Roxanne Roberts's front-page article "Alsop's Fabled Georgetown" [Aug. 2] perpetuates its share of fables. She writes that when President Kennedy called at Joe Alsop's house on the evening following his inauguration, "he perhaps -- according to several memoirs of the time -- [enjoyed] a brief liaison with one of the young women present that night." And later she cites "rumors, reported in some accounts of the era, that Alsop and perhaps others opened their homes for presidential assignations." Perhaps?

I write as one who knew Joe Alsop reasonably well, had the more-than-occasional benefit of his personal reminiscences and wrote a book about him. The insinuations are novel to me; and I wonder what "memoirs" and "accounts" lend credence to this shady picture of Joe playing Pandar to John F. Kennedy's Troilus. Rumors of this kind cry out for documentation, but I would suggest that no such documentation will be found, for the simple reason that no such pandering occurred.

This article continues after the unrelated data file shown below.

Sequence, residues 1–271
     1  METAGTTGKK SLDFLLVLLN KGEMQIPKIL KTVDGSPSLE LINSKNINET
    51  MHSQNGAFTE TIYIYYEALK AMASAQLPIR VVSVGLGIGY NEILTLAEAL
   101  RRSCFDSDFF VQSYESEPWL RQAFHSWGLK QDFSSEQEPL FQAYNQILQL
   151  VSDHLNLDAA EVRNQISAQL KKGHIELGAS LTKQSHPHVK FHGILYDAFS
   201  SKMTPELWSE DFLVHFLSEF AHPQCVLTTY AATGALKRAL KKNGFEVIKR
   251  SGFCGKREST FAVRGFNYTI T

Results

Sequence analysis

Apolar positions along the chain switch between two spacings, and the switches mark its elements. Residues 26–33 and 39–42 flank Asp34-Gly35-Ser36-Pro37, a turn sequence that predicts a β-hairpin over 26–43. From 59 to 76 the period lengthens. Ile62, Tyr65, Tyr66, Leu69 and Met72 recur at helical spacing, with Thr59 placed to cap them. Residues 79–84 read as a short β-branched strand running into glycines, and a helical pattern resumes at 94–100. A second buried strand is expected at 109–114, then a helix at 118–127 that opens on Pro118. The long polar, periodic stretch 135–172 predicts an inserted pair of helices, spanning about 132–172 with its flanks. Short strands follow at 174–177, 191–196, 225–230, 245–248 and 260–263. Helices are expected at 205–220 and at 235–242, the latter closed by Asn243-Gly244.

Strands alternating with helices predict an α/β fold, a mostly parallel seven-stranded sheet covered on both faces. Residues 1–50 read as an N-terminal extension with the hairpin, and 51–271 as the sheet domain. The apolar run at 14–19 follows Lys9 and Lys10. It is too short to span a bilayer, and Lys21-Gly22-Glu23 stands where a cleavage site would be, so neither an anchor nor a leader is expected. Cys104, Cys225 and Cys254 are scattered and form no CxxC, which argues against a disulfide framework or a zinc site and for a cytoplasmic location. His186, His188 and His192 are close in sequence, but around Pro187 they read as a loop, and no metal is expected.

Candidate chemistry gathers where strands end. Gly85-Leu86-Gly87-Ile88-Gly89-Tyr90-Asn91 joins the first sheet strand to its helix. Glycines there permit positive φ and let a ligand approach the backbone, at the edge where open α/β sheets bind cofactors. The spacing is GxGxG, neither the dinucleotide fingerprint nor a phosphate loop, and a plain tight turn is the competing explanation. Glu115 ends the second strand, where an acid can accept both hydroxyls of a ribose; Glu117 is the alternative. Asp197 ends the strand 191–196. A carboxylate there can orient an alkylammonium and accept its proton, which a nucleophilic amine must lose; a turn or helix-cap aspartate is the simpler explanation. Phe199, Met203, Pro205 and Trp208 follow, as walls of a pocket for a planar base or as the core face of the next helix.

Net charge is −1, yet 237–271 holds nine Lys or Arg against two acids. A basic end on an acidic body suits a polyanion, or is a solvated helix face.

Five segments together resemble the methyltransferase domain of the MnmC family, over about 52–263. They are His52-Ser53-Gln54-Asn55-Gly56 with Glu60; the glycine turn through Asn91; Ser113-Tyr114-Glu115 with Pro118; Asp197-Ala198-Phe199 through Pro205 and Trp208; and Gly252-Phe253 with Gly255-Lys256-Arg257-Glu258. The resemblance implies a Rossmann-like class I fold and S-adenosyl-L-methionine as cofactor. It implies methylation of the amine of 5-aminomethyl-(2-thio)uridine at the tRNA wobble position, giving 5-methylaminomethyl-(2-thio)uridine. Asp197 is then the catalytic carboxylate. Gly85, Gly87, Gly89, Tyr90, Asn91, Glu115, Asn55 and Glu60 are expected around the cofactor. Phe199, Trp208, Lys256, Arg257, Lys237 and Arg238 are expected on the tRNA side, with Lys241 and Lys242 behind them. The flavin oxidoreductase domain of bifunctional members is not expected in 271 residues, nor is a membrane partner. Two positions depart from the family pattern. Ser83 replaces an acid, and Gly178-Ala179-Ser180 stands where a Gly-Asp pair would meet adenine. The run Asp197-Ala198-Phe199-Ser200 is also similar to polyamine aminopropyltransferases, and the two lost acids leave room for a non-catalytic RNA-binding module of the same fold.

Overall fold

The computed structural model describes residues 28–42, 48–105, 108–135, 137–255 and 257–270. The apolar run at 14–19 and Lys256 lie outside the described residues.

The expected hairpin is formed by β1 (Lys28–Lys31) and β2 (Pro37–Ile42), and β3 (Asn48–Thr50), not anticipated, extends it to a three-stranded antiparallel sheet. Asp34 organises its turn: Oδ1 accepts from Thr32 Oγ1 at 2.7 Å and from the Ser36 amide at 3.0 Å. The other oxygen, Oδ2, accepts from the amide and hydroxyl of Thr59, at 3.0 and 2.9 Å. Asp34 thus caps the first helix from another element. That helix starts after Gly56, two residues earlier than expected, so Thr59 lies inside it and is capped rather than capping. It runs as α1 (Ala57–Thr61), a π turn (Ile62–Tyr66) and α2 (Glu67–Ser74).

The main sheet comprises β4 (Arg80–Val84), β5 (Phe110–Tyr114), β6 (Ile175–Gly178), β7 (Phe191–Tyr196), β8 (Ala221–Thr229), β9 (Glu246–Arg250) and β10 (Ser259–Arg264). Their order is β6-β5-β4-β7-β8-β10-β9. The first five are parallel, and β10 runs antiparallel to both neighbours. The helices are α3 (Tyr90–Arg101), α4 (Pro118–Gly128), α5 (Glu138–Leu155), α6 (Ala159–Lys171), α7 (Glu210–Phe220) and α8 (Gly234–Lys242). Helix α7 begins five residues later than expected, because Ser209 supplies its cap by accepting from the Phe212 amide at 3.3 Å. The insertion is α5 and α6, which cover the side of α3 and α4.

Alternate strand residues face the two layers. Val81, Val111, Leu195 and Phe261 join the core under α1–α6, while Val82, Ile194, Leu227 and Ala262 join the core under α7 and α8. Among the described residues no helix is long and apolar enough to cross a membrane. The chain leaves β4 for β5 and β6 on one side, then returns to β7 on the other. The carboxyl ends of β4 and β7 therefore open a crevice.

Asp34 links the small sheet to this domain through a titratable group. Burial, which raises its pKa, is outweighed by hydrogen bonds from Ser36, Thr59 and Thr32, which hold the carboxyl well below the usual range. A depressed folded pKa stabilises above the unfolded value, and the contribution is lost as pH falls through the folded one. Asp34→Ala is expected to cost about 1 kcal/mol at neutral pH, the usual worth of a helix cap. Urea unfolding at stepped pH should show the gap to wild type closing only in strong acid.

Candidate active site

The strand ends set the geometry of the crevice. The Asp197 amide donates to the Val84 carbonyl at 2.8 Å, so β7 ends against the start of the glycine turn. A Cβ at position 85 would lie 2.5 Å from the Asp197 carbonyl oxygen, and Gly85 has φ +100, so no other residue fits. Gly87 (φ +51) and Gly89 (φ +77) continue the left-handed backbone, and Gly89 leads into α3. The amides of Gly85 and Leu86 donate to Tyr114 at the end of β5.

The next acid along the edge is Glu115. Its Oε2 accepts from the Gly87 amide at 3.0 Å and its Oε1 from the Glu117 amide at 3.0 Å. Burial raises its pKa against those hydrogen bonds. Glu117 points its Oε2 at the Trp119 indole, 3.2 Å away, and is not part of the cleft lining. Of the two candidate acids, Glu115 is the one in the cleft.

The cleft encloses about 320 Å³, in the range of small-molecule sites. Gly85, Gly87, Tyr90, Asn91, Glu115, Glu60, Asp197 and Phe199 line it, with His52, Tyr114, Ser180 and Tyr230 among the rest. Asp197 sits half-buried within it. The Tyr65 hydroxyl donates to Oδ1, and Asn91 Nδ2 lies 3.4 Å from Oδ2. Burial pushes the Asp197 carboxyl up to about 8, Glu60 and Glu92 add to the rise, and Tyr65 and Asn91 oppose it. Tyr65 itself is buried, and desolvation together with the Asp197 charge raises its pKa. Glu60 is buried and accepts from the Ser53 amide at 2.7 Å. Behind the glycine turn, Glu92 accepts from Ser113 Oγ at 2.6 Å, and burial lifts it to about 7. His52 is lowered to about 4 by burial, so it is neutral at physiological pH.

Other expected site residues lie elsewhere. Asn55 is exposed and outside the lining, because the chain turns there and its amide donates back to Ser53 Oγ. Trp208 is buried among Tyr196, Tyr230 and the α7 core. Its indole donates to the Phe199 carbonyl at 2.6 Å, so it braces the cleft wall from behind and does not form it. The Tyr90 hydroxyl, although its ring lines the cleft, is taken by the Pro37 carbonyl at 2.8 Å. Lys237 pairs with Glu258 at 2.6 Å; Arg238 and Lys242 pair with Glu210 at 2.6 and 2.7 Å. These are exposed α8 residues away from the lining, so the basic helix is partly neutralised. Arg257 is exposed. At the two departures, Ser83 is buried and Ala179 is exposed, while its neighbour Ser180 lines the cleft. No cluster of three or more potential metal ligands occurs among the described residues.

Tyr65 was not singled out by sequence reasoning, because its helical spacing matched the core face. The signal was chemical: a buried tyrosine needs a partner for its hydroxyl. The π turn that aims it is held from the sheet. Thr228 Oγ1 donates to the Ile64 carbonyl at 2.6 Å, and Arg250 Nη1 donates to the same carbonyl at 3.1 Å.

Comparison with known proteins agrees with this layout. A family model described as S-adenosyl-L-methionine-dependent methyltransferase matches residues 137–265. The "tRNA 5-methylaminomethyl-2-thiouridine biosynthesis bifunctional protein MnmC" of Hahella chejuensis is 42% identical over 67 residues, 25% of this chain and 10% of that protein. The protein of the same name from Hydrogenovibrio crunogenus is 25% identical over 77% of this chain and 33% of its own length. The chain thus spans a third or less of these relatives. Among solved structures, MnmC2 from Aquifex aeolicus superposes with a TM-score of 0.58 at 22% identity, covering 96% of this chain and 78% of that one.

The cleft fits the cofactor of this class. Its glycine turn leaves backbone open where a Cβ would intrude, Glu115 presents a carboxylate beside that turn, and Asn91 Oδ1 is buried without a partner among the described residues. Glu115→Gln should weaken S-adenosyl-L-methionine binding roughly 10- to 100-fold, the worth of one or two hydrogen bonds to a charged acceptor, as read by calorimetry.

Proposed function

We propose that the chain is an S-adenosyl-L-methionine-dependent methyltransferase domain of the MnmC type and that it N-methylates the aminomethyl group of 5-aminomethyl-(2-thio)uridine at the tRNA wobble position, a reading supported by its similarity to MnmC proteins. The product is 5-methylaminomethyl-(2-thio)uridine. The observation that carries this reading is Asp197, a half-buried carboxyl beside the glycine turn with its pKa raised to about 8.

It is notoriously difficult to prove historical negatives, but it happens that I have a clear recollection of what Joe Alsop told me about the events of that evening. He said that as the new president was descending the front steps of his house, at the end of the visit, he noticed a beautiful woman in tears, apparently weeping as she watched him depart because she would no longer be able to consort with him. I am certain that, given Joe's delight in naughty tales, he would have added, if it were fact, that the new president and the woman in question had slipped off somewhere for a quickie. I know of no evidence of any kind that he ever lent his house (where, let us recall, his wife, stepson and stepdaughter were living at the time) for "assignations." The suggestion is outrageous.

I challenge Roberts and other mythologizers of the life of Joe Alsop to produce probative evidence of Joe's role as Pandar. Journalism is journalism; but those of us in the trade (as Joe liked to call it) surely owe some obligation to avoid salacious rumors and to distinguish fact from fiction.

-- Edwin M. Yoder Jr.